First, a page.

In his new biography of Alan Greenspan, Sebastian Mallaby says some things I agree with, but he also rides a number of hobby horses that I take issue with.
Where I agree:
1. I agree that it is hard to achieve financial soundness through regulation. Financial markets are too flexible and adaptive to prevent institutions from gaming the system. If you want to see that point made at greater length, read my essay The Chess Game of Financial Regulation.
2. From 1970 to 1990, we got rid of interest rate ceilings on deposits, restrictions on bank branches, and futile attempts to distinguish commercial banking from investment banking. The process was long and grueling, with lobbyists engaged in furious rent-seeking battles all along the way. What Mallaby points out, and that I hadn’t considered, is that when the dust settled, we had a more rational, integrated competitive financial sector, but we had the same archaic, fragmented regulatory structure. So we had a separate regulator for thrifts, even though institutions with thrift charters were doing things that the thrift regulator had never seen before. The same with commercial banks, insurance companies, and investment banks. It was a regulatory structure that was set up to fail.
Where I disagree:
1. Mallaby buys into the theory that Brooksley Born should have gotten her way and had all derivatives trading moved to exchanges. I disagree. It is possible to trade derivative contracts in Treasury bonds and bills on exchanges, because the underlying securities are generic and liquid. Traders can benchmark prices and cheaply engage in arbitrage transactions. What AIG and others were doing involved creating a separate credit default swap for each security. In effect, Born would have been asking the exchanges to set up hundreds of different markets, most of which would have been illiquid in terms of the underlying securities.
If Greenspan was reluctant to wade in with financial regulatory proposals, that may have been because he thought that the issues were over his head. In fact, that may be what I most respect about Greenspan. Regulators generally do not see their own limitations. Brooksley Born would be a prime example of a regulator willing to take on a task while lacking sufficient knowledge.
2. Although I agree with Mallaby on the challenges of reining in financial excesses using regulation, he takes the view that monetary policy can and should be used to prick bubbles. He writes as if a major lesson, perhaps even the main lesson, of the financial crisis is that central banks should raise interest rates to pop bubbles. He writes as if this is obvious, when in fact very few economists see it that way, even now. In fact, Timothy Taylor recently pointed to an IMF study saying that global debt is at an all-time high, and only on the extreme right are there economists suggesting that monetary policy needs to be tightened. The other day, I got to attend a talk by Mallaby and I posed this issue. He agreed that his views were not widely shared by the mainstream (the people who complain about low interest rates as a threat to financial stability tend to be on the far right), but he said that one of the perks of writing the book was putting his opinions out there. Fair enough.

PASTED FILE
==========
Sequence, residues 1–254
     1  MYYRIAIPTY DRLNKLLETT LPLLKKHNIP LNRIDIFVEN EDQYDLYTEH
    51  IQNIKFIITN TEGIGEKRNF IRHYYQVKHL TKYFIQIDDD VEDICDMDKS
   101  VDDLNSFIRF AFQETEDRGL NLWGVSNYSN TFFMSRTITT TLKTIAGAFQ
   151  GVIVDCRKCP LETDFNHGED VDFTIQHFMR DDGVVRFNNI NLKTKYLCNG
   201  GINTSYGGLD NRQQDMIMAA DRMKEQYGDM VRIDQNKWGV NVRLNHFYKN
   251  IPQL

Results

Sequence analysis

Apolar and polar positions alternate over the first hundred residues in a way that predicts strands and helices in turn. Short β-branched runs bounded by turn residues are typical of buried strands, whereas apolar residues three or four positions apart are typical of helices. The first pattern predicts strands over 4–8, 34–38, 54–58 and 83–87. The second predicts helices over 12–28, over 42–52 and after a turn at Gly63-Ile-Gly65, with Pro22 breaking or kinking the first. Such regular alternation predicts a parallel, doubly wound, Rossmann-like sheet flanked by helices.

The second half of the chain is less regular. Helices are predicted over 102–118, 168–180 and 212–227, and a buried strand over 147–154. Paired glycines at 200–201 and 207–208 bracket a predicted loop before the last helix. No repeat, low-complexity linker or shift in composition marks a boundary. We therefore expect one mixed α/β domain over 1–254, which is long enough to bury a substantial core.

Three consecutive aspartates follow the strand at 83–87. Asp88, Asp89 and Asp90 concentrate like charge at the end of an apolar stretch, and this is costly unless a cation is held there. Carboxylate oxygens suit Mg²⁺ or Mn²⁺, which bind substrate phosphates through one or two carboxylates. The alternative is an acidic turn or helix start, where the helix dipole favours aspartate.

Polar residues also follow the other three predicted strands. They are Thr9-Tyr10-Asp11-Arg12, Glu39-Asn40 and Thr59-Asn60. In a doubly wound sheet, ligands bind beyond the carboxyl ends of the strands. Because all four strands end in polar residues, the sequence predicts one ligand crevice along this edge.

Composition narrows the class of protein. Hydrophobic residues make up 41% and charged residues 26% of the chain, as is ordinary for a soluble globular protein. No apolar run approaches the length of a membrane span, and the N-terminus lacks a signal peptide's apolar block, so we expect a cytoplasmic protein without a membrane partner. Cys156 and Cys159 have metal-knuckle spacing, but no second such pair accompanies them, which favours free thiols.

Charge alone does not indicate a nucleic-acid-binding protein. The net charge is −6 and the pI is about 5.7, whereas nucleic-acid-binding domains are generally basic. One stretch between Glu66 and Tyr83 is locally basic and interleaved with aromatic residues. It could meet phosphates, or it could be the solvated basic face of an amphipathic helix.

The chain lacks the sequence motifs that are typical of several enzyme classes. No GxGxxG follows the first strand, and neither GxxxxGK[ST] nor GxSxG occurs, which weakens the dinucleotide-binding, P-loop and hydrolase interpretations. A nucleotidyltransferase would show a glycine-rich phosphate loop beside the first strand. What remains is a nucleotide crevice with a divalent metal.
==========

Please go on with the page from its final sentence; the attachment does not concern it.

3. Mallaby blames the crisis in part on inflation targeting. He sees this policy as the mindless result of Fed officials’ not-entirely-rational preference for low, stable inflation. He could have pointed out that it was the overwhelming consensus of academic economists of the 1980s and 1990s that low, stable inflation was exactly the right objective for monetary policy. They believed that demand-driven recessions were the result of the public’s errors in expectations about inflation. Get rid of those errors by stabilizing inflation, so the thinking went, and you would eliminate recessions. This was known as the so-called Divine Coincidence, because it meant that the Fed could just focus on keeping the rate of inflation steady and let full employment take care of itself.
4. Mallaby takes a cheap shot at the Basel II approach to risk-based capital requirements, in which regulators were to use a bank’s model of its risks to gauge the amount of capital it should have. He compares this to giving a teenager the keys to the Mercedes. (a) I think that Greenspan had retired before Basel II was widely implemented. Most banks, perhaps even all banks, were still on Basel I, which used risk buckets. (b) Rather than being silly, using models was a good idea. The Basel I approach treated a bank that hedged its risks and a bank that went unhedged as identical. Basel I had no coherent way of dealing with derivatives or securities with embedded options, such as mortgage-backed securities. You need to use a model to solve both of those problems. And because every bank codes its portfolio differently, it is impractical to try to input the data into any model other than the one that the bank itself uses. Since you cannot try other models on the data, the best you can do is audit the way the bank goes about its modeling process.
It’s not a perfect way to regulate, but there is no obviously better way. At his talk, Mallaby emphasized that he did not think that any regulatory policy could truly rein in risk-taking. This gets back to point 1 under “Where I agree.”